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Favorite Heirlooms: Bubbie’s challah cover with an upside down letter

My great-grandmother Chana Klein, whom we all called Bubbie, was a powerhouse at 4’10” and an accomplished Jewish cook who didn’t share recipes. When she was a widow, all the men in the morning minyan at my shul chased her, but she was faithful to her beloved husband who she met only once before her wedding. She was straight out of a Sholem Aleichem tale, but she was a real warm loving person who inspires me until today.

Bubbie immigrated to America from a shtetl near Odessa, Ukraine in 1910 at age 27 with four young children in tow, and when she was reunited with her husband who was already working in New York, she had a fifth child to care for and no time to learn English.

Fast forward 40 years to my parents’ wedding. It was 1950 and Bubbie Klein had still not learned to read English and did not have the money to buy a fancy present so she lovingly crocheted a khale dek, or challah cover for the young couple. There are many traditional patterns that feature the word for challah – חלה – in the pattern, but my mother didn’t read Hebrew at the time. So Bubbie found a pattern using “bread” instead of “challah” and diligently went to work. However, she somehow got the pattern turned around and the R was crocheted upside down. This error was caught before she completed the work, so she did another one with the R right side up.

challah cover

Courtesy of Jacqueline Benefraim

My mother never knew about the flawed first piece and used the cloth every week on her challah tray for Shabbat and holidays throughout my childhood.

Another 25 years pass and Bubbie passes away at the age of 96. Sadly, this was after her hip snapped when she bent over to pick up a piece of dough she dropped while baking challah. I was then about to move into my first apartment so my grandmother told me if I cleaned out Bubbie’s kitchen and bedroom, I could take all of her plates and utensils to outfit my kitchen. While cleaning under Bubbie’s bed I found her sewing box, in which I found a bunched up skein of yarn with a crochet hook still in it. I unfurled the work in progress and to my astonishment saw the same design as the bread cloth we used every week, except that the letter R was upside down.

The crochet work was almost complete when someone must have pointed out to Bubbie that the “R” in bread was upside down. Even 25 years later I could feel Bubbie’s anger as she jabbed the hook into the skein and took out her frustration by winding all the loose yarn so tightly around the skein. I decided that I could use my mother’s khale dek as the pattern. I would complete the doily since Bubbie taught me to crochet (and did so in Yiddish which I didn’t even speak at the time).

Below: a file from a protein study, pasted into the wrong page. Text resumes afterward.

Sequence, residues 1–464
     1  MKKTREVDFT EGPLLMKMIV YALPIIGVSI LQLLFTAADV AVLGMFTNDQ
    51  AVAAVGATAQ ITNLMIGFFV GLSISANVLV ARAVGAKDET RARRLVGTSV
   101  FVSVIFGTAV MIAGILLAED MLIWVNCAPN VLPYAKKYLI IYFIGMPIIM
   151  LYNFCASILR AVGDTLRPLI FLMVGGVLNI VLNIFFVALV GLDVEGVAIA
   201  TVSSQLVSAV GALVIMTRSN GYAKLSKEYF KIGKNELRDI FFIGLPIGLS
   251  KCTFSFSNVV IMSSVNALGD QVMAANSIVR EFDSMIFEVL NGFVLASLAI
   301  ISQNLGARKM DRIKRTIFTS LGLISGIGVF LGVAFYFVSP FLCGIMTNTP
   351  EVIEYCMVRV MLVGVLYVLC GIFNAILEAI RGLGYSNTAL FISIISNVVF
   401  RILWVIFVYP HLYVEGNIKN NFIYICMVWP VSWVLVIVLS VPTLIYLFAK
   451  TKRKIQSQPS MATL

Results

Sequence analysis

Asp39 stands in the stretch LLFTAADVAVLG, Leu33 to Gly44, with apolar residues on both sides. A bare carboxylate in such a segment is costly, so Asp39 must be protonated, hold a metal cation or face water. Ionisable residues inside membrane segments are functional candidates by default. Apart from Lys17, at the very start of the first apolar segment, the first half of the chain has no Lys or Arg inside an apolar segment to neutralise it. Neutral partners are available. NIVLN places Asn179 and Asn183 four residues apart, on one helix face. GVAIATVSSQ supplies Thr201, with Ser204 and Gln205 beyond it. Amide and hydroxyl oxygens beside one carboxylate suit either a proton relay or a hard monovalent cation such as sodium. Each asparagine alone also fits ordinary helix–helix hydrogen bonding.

Another 10 years go by. I was married and living in Los Angeles when I participated in a needlework show sponsored by the Pomegranate Guild of Judaic Needlework. There were similar khale deks on display, but none with the word “bread” since they were all in Hebrew. Several women commented that the error in the cloth made it too important to use unprotected, so I took my khale dek to a framer in Los Angeles and created a tray with handles with the needlework safe inside. I told my mother back in suburban Washington D.C. to do the same.

When my mother was at the framers, she ran into a friend, who noticed my mother’s cloth and mentioned that she had a very similar one made for her by her great aunt, but surprisingly, the “R” was upside down on hers as well. We concluded that these two elderly women who lived in different cities must have used the same pattern. Since we all remembered how Bubbie faithfully read the Forverts cover to cover, we all assumed that is where she found the pattern.

I now work as a librarian at American Jewish University, where I have incorporated both of Bubbie’s framed khale deks into an exhibit on Birkat Ha-Mazon, the Hebrew blessing after meals. I also learned through my work that I could read older issues of Forverts through the National Library of Israel’s Jewish Press in the USA portal. I checked the pertinent years, but I didn’t find the pattern.

Recently I heard Forward archivist Chana Pollack give a lecture to the Association of Jewish Libraries, where I learned that the Forverts did indeed publish patterns. I hope that one day someone will come across the pattern for this cherished heirloom which will show the “R” was upside down in the original pattern and that Bubbie didn’t make a careless error after all.


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